“Emotionally and spiritually, he did real damage to people here in Phoenix,” said Father David Sanfilippo, vicar general of the Phoenix diocese. “To find out that it was an impostor celebrating these sacraments was very hurtful.”

Brito said he regrets fooling the Arizona parishioners, but he sees things differently.

“When I worked in the parish, I gave my heart,” he said. “When I spoke at the Masses, they applauded.”

Brito describes himself as “very” religious and dedicated to fulfilling the needs of others. “I probably would have made a great priest, a great elected official, a great human being,” Brito said. “But I screwed it up.”

He said he prays for forgiveness.

“God came to heal sinners, not perfect people, and I am one of them,” he said.

So who plays this guy in the DreamWorks movie? This guy gives a whole new meaning to the phrase “born again.” Wow. My only knock on this story is that it really cries out for theological insights. No, I mean it. DiBritto is messed up — in a very specific way. The spiritual element of this story cannot be denied. What do Catholic authorities have to say about his angels and demons?

Does GetReligion want to “go there”?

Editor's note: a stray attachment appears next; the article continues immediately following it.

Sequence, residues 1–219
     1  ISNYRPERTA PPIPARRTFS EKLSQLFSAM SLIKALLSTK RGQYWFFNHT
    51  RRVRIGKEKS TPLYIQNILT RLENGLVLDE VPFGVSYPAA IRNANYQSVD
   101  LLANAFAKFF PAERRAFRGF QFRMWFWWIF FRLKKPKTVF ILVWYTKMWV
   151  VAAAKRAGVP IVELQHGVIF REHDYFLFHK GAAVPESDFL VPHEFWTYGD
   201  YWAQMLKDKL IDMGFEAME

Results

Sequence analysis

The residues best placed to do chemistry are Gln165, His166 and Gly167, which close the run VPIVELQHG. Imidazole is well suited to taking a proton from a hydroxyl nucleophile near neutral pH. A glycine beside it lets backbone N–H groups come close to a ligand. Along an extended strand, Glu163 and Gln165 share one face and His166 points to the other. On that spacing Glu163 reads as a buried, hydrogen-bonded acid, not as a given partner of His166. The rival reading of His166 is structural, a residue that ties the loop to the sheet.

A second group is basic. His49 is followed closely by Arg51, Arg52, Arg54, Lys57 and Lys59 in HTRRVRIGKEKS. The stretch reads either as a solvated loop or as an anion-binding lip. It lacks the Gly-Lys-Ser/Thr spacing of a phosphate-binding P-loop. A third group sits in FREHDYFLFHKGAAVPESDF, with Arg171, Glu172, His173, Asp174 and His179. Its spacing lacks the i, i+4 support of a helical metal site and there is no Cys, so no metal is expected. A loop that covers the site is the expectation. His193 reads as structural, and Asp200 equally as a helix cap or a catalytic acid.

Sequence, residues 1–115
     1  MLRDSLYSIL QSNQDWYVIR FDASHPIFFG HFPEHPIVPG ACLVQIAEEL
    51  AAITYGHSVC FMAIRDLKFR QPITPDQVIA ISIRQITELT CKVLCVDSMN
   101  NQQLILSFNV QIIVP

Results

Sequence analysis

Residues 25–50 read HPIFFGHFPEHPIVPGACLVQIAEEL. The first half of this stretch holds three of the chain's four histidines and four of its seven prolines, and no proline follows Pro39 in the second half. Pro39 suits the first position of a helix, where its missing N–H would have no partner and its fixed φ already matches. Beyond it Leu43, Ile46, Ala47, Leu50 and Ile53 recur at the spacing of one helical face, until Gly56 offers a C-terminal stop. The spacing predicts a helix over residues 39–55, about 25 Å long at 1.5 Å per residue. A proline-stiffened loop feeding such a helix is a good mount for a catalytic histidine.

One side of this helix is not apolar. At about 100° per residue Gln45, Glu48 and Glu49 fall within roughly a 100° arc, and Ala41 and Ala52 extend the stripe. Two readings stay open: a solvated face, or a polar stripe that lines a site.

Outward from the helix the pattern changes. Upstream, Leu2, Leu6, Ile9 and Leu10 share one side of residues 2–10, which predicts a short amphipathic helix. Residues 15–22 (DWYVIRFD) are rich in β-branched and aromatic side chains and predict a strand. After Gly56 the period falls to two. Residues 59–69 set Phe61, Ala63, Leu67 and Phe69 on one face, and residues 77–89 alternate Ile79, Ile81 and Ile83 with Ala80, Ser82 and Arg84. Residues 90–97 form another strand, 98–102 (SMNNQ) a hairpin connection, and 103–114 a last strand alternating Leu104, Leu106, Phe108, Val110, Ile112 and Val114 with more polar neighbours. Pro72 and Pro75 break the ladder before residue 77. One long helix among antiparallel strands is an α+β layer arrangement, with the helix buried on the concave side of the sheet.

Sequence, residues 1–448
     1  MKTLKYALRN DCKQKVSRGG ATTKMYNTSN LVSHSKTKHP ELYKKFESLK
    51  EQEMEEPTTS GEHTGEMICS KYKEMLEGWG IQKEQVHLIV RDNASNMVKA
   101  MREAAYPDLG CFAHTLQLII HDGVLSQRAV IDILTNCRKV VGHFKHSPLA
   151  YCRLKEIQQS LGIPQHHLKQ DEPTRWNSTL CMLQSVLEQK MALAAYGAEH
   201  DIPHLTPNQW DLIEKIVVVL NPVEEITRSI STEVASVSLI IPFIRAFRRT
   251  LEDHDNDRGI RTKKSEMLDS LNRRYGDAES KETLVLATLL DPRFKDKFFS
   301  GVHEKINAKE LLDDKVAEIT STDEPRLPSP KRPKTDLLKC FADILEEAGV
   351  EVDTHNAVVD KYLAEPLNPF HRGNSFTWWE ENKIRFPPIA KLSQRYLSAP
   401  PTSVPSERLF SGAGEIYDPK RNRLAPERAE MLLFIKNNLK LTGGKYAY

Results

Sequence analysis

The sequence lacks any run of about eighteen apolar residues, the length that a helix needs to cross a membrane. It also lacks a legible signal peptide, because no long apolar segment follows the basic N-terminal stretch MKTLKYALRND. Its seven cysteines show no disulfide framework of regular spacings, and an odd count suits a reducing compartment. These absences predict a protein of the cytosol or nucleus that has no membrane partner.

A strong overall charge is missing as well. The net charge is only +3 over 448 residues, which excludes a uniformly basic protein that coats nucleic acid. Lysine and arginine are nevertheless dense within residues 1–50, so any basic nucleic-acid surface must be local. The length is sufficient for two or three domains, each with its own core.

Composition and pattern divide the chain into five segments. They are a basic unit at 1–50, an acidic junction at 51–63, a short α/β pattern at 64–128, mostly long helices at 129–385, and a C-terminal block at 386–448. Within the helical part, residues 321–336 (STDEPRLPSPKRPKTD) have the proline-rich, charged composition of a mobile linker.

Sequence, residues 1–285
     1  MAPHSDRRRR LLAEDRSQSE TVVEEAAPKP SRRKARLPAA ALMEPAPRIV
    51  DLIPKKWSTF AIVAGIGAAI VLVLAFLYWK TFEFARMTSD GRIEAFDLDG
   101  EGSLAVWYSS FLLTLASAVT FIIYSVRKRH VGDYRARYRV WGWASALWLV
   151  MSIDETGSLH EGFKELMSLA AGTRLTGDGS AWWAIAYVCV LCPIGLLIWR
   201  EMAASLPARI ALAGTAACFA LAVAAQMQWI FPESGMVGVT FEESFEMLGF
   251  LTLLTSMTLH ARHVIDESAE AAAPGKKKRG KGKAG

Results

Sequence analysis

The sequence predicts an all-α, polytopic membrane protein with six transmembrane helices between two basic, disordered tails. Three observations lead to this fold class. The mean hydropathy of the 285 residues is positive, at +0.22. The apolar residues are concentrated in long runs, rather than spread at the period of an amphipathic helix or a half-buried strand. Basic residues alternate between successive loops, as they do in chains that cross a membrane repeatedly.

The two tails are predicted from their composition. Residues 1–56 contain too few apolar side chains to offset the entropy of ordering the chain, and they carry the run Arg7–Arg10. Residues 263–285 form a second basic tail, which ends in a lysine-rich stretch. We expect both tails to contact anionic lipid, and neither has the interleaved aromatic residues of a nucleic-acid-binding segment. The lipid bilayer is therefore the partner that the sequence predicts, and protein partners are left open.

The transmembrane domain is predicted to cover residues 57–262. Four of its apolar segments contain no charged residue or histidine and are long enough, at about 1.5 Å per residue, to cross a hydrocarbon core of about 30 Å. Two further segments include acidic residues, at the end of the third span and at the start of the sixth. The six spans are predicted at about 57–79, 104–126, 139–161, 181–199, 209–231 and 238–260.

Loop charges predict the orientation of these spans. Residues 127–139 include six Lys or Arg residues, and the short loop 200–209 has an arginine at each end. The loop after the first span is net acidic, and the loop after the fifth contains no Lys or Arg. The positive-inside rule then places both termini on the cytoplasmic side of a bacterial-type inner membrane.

dieties. . . (The) Christian worldview’s truth claims include an admonition for Christians to be “salt, light, and leaven,” individually and collectively, on their spheres of influence. That truth claim presupposes that their spheres of influence would benefit from a collective and intentional Christian influence, and also presupposes such intentional and collective influence is possible.

My perception is that the “Get Religion” blog does not want “to go there” — whether/to what degree Christian journalists should collectively and intentionally influence their profession. I suggest Jay Rosen’s most thoughtful insights, linked to the blog item, on the “religion of journalism,” allude to this — they do not mention how, if at all, Christian journalists (or journalists of other faiths) should collectively and intentionally influence their profession, as an appropriate outworking of that faith and its truth claims.

Posted by Joe at 9:56 am on August 17, 2005

This topic is linked to questions that we hear, from time to time, about the role of religious faith in journalism and, thus, in the work at this blog. This is natural, since faith tends to give journalists sweaty palms and journalism has the same effect on far too many religious leaders. I’ve been working in this particular minefield for decades.

So let me very briefly respond to Joe’s comment that GetReligion does not “want to go there” on the God and journalism issue.

If Christians in the field of journalism influence our field, I hope it is in the same way that religious believers influence the fields of law, art, sports, academia, etc. In other words, that influence is expressed through the quality of their work and in open debates about ethical issues that affect everyone on the job.